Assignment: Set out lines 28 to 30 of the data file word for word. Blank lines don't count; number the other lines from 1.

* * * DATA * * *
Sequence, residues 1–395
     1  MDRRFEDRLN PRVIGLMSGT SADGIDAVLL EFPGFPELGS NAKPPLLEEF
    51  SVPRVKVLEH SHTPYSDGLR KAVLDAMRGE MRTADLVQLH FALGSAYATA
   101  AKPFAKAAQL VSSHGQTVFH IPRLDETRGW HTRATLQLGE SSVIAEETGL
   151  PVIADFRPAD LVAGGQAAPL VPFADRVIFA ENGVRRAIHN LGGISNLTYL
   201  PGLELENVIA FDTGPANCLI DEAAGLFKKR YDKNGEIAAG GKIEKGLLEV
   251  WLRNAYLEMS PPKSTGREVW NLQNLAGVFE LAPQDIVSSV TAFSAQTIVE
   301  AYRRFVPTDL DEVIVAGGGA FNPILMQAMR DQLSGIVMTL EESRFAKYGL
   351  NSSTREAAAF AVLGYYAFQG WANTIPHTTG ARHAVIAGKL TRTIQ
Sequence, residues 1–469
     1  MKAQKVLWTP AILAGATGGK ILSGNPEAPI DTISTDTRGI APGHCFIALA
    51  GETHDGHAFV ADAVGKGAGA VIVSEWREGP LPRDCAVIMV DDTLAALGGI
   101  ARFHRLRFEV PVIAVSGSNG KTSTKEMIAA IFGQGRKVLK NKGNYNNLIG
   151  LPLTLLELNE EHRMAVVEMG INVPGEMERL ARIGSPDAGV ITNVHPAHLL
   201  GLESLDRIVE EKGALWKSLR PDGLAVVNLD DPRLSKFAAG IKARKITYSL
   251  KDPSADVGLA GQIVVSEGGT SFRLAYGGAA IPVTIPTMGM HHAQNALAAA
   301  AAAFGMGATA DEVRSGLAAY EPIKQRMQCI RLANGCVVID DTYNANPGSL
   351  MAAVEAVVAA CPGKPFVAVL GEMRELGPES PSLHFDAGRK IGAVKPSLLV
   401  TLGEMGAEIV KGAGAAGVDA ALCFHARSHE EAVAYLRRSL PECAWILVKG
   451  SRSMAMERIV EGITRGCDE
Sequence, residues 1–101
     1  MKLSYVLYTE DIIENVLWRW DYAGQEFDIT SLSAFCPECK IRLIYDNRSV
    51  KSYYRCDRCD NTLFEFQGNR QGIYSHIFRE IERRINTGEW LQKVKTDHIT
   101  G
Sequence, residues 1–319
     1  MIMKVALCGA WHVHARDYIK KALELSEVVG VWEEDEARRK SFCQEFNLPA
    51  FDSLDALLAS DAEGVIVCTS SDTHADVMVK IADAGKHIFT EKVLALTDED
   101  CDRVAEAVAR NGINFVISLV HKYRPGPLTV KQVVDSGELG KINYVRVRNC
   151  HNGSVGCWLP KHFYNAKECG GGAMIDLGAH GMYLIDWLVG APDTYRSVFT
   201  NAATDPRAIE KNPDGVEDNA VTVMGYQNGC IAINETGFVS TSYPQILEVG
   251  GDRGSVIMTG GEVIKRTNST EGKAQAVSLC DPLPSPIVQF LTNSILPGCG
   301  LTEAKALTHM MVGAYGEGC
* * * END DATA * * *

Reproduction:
   101  CDRVAEAVAR NGINFVISLV HKYRPGPLTV KQVVDSGELG KINYVRVRNC
   151  HNGSVGCWLP KHFYNAKECG GGAMIDLGAH GMYLIDWLVG APDTYRSVFT
   201  NAATDPRAIE KNPDGVEDNA VTVMGYQNGC IAINETGFVS TSYPQILEVG